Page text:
Patients with end-stage renal failure may also have dietary restrictions (e.g. potassium, phosphate and fluid restrictions) that conflict with diets that people with diabetes are usually encouraged to eat. Patients with diabetes may well have been encouraged to have fruit for snacks and milky drinks for supper but if they have these restrictions they can find it difficult to find substitutions. Liaising with renal dietitians can help to solve this problem.
Haemodialysis usually takes place three times a week for approximately 4h in the morning, afternoon or evening. Hypoglycaemia can occur as dialysis removes glucose, as well as toxins, from the blood. Sulphonylurea treatments or subcutaneous insulin can therefore increase the incidence of hypoglycaemia.
Many haemodialysis patients cannot eat while on dialysis since it causes hypotension and this may increase the risk of hypoglycaemia further. Hypotension is caused by food ingestion, as patients are unable to increase cardiac output when splanchnic blood flow increases after meals, which results in reduced peripheral vascular resistance. Diabetes treatments should be adjusted around dialysis regimens. Personalisation of a treatment regimen is easier with the newer analogue insulins and post-prandial regulators, which can improve diabetes control and minimise hypoglycaemic episodes.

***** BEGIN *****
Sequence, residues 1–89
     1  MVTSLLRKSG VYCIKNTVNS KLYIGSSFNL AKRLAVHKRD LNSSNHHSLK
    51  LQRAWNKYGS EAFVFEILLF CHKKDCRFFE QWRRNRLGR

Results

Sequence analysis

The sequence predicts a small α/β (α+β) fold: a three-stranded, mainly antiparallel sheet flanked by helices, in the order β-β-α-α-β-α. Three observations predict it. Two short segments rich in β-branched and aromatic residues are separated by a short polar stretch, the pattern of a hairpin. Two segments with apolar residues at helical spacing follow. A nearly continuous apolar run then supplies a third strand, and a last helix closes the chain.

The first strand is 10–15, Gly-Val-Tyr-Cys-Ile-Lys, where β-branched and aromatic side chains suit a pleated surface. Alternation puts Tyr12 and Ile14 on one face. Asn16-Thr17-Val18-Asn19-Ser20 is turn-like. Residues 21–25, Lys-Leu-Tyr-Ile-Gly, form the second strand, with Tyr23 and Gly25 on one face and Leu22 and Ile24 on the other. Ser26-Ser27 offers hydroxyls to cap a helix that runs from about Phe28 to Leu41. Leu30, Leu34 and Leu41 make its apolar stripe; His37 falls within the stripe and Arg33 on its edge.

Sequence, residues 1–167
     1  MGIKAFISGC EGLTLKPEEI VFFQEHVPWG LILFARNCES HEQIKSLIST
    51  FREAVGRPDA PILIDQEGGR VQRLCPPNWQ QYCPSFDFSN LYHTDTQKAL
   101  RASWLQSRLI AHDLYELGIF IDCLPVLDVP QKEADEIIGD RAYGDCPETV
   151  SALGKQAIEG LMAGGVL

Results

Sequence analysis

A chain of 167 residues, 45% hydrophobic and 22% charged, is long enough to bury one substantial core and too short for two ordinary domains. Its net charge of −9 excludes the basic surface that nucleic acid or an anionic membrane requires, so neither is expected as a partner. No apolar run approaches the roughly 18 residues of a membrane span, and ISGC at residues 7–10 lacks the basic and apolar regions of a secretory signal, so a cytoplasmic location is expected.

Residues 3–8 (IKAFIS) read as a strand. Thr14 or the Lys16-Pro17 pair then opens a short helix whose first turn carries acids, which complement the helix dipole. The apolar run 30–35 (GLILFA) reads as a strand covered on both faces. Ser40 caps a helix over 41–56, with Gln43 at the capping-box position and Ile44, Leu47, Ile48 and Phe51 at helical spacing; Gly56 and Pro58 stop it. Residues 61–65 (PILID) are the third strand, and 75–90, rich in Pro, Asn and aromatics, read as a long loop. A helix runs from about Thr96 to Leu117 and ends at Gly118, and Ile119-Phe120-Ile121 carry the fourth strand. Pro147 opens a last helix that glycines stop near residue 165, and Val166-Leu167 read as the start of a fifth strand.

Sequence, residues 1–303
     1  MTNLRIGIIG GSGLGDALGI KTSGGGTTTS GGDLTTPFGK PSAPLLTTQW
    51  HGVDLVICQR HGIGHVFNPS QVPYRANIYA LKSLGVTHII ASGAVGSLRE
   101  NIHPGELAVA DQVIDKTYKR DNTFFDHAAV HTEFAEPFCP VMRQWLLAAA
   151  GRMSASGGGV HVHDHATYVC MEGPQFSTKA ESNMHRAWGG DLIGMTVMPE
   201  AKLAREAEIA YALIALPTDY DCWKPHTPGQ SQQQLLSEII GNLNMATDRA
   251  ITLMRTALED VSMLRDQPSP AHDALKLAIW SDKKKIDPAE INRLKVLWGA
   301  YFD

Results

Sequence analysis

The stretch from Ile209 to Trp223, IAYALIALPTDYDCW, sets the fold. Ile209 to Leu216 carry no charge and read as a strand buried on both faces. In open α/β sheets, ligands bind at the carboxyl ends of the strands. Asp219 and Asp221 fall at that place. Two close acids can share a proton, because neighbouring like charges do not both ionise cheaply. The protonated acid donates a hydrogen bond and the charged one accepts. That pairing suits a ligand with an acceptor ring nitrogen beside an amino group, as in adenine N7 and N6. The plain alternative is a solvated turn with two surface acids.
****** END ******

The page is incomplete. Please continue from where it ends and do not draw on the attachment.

Patients on two daily injections of premixed insulin may have the dose reduced or omitted before dialysis. A smaller dose may be given after dialysis with normal doses on non-dialysis days.
Basal bolus regimens are useful, because the dose of fast-acting analogue insulin can be adjusted to control glycaemia predialysis, but because its duration is only short it will also prevent hypoglycaemia. Insulin glargine may also be beneficial in minimising hypoglycaemia (Bolli and Owens, 2000). If alteration of insulin regimens still fails to address hypoglycaemia and improvements in glycaemic control, then continuous subcutaneous insulin infusion can be considered (NICE, 2003).
Peritoneal dialysis causes fewer problems with glycaemic control as it occurs on a daily basis at set times and is less aggressive. However, because the dialysate used is glucose it can affect glycaemic control as small amounts of glucose are absorbed systematically. Patients absorb 100 –150 g of glucose per day depending on the strength of dialysate used (1.36%, 2.27% or 3.86%; Gokal and Khanna, 2001). Patients may be on continuous ambulatory peritoneal dialysis or overnight automated dialysis and diabetes regimens will need to be adjusted accordingly to cope with the glucose loads.
Assessment of glycaemic control can be undertaken using a continuous glucose monitoring system. This allows a 3 day profile of blood glucose levels to be taken and the effect of dialysis on glycaemic control can be accurately seen.
Monitoring blood glucose levels can be a problem for patients on peritoneal dialysis because maltose, which can be used as a dialysate, can interfere with some blood glucose meters (Medical Device Alert, 2003). These patients need to be given suitable replacement meters for accurate monitoring. DSNs can liaise with the renal teams to ensure a protocol is in place.